KL: I know, right? I dread it. If I know it’s coming on—and I can tell when it’s coming on, because it blows up on Twitter when it is—I’m just like, “Oh, my God…” And God help me when AMC’s doing their Road House marathon, because I know the phone is just going to keep ringing. It doesn’t matter if it’s 2 or 3 in morning. “Hi, Kelly’s having sex with Patrick Swayze right now…”Via.
4. James Cameron's Titanic as a secret prequel to Terminator.
*Take advantage of Amazon's year-end deals.
Brand new Lego set - - The Old Republic Troopers vs. Sith Troopers available at Lego and Amazon. Via.
Relatedly, I finally listened to the Star Wars radio drama Smuggler's Gambit (free download). It's very entertaining, and David Collins is hilarious as Han Solo.
My next novel is actually going to be middle grade. It's called ZOMBIE BASEBALL BEATDOWN, and it's about three friends in small-town Iowa fighting off the zombie apocalypse with their teamwork and baseball skills. That one is actually written, I just finished page proofs on it, and it will be published next fall.
I was aiming to do two things. One was to bring zombies to kids in grades 4-6, and to do so in a way that honors zombies as creatures of horror, rather than something cute. A lot of kids in my wife's school wanted to read about zombies, but there wasn't much for them. So I wanted to give them some undead-bludgeoning action that they could call their own. But frankly, because it's me doing the writing, and because I'm a political writer in many ways, the book is actually about things like meatpacking plants, food safety and USDA policy, and race and immigration in America, and how we either work together or don't. I started out writing the book just for kicks so some kids in my wife's school would have something to read, and by the end, it was also something for me to talk about issues that I care about.On participating in the Humble Bundle:
It worked out phenomenally well for me. I think the Humble Bundle earned more in two weeks for "Pump Six and Other Stories," than I had earned in the previous four years for that collection. Though, I have to think that being in the same bundle of writers as Niel Gaiman, John Scalzi, and Cory Doctorow, along with Penny Arcade and xkcd was the cause of most of that.Struggling as a writer:
When I finally did start getting published, with "The Fluted Girl," and then "The People of Sand and Slag" and "The Calorie Man" it appeared as if I had emerged out of nowhere. The reality was that I had emerged from ten years of brutal failure, but no one saw all that learning. All people initially saw was the successful short stories, and I think that helped readers, and editors get excited about me. For a little while, I appeared to be a phenomenon, instead of just another writer who had been grinding it out for years.
When I started working on short stories, I had pretty much given up on novels. I knew I liked writing, but I couldn't take the rejection of seeing a year+ project die. Short stories/novelettes were a risk I could stomach. Interestingly, by that time I'd been writing for probably six or seven years, and I'd done a ton of book projects, so when I started to focus on short stories, I finally had my craft dialed in.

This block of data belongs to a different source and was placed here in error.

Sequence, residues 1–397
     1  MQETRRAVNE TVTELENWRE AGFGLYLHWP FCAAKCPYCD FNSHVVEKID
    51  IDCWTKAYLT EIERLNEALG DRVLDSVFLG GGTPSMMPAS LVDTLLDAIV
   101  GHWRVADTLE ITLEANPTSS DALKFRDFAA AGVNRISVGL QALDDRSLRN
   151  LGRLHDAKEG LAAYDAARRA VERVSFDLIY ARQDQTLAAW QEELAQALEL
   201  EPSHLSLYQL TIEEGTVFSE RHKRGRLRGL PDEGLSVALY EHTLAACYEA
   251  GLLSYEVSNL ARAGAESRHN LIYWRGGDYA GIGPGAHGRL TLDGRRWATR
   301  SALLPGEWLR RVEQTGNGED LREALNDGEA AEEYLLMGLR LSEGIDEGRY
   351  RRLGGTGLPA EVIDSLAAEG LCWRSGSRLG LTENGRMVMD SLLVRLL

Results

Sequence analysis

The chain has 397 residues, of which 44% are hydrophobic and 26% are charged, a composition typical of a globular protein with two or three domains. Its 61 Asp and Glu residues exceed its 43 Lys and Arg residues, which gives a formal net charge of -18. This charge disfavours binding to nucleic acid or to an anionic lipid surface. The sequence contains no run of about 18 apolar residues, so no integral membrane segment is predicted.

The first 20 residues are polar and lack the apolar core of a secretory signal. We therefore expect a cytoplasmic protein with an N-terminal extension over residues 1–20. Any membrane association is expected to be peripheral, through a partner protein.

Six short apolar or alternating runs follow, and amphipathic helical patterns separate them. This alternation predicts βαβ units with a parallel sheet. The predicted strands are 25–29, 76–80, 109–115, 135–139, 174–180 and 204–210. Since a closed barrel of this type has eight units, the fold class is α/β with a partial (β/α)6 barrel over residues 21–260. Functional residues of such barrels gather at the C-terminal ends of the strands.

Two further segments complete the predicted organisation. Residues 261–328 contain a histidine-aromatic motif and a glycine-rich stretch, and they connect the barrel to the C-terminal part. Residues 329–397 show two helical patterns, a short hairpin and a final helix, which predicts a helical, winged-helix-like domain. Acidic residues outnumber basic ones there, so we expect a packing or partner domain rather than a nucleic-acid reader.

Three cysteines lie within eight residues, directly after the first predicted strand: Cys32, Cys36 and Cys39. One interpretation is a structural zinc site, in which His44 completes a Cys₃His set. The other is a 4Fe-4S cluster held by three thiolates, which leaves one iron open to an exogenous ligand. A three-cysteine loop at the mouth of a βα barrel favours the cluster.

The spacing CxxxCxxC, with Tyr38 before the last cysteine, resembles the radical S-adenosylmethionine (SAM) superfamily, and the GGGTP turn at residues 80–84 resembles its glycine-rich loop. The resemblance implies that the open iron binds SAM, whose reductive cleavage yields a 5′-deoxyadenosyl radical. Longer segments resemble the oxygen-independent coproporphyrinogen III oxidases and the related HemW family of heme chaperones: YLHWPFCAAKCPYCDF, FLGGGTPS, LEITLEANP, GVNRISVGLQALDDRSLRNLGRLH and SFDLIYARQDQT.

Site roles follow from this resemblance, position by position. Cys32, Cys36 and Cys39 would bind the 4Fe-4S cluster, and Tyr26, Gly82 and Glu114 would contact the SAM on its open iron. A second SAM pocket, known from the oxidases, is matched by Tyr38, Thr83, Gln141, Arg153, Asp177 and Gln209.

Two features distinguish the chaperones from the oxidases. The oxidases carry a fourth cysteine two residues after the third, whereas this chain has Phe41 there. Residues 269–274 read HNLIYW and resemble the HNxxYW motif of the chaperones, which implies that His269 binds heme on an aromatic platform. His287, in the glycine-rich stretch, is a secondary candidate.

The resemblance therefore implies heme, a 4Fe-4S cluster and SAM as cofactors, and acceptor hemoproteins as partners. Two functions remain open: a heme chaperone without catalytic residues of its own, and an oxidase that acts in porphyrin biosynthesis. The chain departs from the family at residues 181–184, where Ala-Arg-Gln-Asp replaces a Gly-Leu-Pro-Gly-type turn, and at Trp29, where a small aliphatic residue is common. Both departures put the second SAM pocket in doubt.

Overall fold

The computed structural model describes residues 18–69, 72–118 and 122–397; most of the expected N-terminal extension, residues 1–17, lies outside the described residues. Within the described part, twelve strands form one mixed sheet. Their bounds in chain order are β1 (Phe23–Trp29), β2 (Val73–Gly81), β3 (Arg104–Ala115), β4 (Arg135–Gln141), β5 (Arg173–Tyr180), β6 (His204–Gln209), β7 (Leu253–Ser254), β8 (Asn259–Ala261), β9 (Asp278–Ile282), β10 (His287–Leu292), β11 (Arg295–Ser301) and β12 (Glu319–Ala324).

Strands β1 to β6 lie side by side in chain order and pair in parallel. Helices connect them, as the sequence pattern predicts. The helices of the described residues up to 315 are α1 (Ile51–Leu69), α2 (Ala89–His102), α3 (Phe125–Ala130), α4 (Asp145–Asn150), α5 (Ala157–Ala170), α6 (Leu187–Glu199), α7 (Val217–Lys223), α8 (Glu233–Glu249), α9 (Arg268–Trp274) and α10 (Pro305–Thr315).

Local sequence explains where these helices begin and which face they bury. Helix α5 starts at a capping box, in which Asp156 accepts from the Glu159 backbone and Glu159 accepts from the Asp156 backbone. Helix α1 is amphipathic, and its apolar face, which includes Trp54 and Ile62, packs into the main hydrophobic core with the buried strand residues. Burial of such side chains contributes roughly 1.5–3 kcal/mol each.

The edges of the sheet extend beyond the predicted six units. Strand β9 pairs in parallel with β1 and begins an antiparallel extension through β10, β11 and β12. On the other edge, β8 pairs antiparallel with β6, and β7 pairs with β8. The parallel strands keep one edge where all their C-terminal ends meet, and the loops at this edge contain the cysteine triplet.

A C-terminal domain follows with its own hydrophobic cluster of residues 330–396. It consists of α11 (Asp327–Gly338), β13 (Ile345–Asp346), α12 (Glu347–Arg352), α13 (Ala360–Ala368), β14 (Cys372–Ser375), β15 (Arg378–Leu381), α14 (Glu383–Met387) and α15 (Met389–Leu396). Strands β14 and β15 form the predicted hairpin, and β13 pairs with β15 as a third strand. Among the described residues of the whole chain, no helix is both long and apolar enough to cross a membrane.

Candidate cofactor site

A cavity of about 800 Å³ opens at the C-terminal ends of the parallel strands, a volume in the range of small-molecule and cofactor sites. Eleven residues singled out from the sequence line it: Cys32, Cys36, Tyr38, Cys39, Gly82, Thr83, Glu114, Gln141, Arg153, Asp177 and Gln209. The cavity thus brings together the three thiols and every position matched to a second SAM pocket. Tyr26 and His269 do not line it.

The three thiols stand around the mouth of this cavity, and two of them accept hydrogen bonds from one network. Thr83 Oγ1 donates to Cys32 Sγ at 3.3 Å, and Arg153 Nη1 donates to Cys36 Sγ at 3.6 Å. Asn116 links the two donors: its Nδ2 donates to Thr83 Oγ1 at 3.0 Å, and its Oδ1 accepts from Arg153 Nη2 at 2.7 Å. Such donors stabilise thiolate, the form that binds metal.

The thing that short stories really did for me was that they provided me with a market that wasn't afraid of the very dark stories I was writing. F&SF and Asimovs were happy to take me on, and it wasn't a risk for them the way it was for novel publishers to take on my long work.
So the short markets gave me exposure and legitimacy and a readership that I couldn't get by myself, and ultimately, that exposure was also what made Night Shade Books willing to take a risk on both my collection, and later on, THE WINDUP GIRL, when none of the major publishing houses would touch it.
The Drowned Cities took me two years to write, and it was a mess from the start. I wrote an entire draft of the book (90,000 words) and ended up throwing it away.You should buy all of his books at Amazon.
Saturday, December 29, 2012
If you use the code DHNYE2013, you get $2 off any comic at the Dark Horse digital store (making most non-brand new issues free). I chose this one because I always thought the bounty hunter looked cool, and was in the mood for a Star Wars comic by Dustin Weaver after he posted this art today.
Off hand, BPRD 1946 #1 is the best single issue I can think of.
Posted by John at 9:02 PM
In a small shuttle van sitting slim modest girl with big glasses. Suddenly in her bag when the phone rang. Played the melody of "The Imperial March" from Star Wars. I had to sketch it while I had the air in the lungs.
The Joker and an excellent Harley Quinn by Daniel Krall.
Lego Ice Planet logo. Via.
Super Girl by Paul Maybury.
*Buy Heroclix at eBay.
Friday, December 28, 2012
The NY Times featured 19 of the best book covers of 2012. Here are my favorites (links are to Amazon):
Bloodland: A Novel jacket design by Keith Hayes
The Flame Alphabet jacket design by Peter Mendelsund
In Dreams Begin Responsibilities and Other Stories jacket design by Office of Paul Sahre
Gravity's Rainbow jacket design by Matt Broughton
Thursday, December 27, 2012
Delirium art by Bill Sienkiewicz. Via.
Two prints from Julian Montague's state collection. Via.
Batwoman by Bruce Timm. Via.
A glimpse of The True Lives of The Fabulous Killjoys.
Rat King by Natalie Hall.
Pixel wallpaper by Michael Myers for Kotaku.
*Buy the Sandman PVC set at ebay.